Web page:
Microsoft said on Friday that it plans to acquire Canesta, a small company in Silicon Valley that concentrates in the technology of gesture-recognition.
Moreover, the attention to this kind of technology has rose because it allows individuals to control computers and other gadgets through the movement of hands and other physical twists, the same fashion to the systems showed in the futuristic movies such as Minority Report.
In addition, Canesta creates chips that, when paired with a digital camera, give all way of devices a sense of depth awareness for the world around them, letting them notice in three proportions. Neither company revealed how much is the soon-to-be acquisition.
On the other hand, Microsoft will start to ship the Kinect, a $150 add-on for the gaming consoles of Xbox, next month, which employs gesture recognition to let individuals to play games with their body motions instead of using controllers.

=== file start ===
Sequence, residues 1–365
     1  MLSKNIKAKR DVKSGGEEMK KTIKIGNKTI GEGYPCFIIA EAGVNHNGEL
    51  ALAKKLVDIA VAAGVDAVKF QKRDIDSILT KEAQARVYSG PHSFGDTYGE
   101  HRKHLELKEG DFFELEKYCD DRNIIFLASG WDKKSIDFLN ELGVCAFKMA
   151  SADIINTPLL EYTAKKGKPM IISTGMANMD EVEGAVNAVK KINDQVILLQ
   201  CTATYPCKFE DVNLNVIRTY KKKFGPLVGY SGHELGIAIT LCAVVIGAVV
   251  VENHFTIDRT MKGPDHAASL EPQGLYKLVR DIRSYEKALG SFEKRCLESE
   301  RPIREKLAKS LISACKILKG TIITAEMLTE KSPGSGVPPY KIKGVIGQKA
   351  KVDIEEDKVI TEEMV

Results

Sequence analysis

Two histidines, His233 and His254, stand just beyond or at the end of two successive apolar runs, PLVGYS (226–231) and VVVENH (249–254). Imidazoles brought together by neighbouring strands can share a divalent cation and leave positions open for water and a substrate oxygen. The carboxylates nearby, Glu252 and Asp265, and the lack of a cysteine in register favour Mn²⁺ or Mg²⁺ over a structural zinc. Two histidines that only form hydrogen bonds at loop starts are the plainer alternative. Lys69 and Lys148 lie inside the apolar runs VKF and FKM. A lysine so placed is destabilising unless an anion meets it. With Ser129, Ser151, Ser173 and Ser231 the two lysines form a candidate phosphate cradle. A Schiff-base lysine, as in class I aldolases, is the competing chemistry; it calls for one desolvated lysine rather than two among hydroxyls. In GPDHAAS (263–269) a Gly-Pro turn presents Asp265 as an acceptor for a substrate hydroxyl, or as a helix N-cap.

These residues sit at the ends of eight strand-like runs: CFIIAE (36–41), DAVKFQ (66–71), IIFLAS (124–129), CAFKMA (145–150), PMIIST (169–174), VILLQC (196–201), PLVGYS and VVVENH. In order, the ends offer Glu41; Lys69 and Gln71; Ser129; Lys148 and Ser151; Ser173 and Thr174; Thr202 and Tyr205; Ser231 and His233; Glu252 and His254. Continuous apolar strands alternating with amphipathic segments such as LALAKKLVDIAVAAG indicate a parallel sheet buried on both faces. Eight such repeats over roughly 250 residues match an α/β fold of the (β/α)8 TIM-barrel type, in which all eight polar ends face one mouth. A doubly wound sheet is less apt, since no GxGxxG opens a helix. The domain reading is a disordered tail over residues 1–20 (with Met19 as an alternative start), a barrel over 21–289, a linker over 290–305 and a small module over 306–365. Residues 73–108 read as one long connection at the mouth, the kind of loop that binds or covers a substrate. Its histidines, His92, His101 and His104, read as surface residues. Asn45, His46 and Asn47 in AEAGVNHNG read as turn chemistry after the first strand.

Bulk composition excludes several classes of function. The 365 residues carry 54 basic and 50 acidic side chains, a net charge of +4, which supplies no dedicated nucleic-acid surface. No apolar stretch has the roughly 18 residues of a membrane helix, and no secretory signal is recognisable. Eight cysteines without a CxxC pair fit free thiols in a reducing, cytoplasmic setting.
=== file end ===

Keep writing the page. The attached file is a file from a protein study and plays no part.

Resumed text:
Furthermore, players tap through the menus with the waves of their hands and then move to create their avatars on-screen to dance, swing, duck, run and jump. The Kinect’s 3-D Technology was provided by PrimeSense, a competitor of Canesta.
In a current interview, the chief executive of Microsoft, Steven A. Ballmer, said that he is excited to be ultramodern in front and they want to push the pedal on that. He also discussed the plans of the company to improve the technology of gesture recognition well beyond their video games.
Using the technology of Canesta, Microsoft and its partners can provide personal computers, cell phones, televisions, cars and other gadgets with the technology of gesture recognition. Also, Canesta has spent 11 years to build the chips that process pictures and details about distances to give gadgets some 3-D vigor.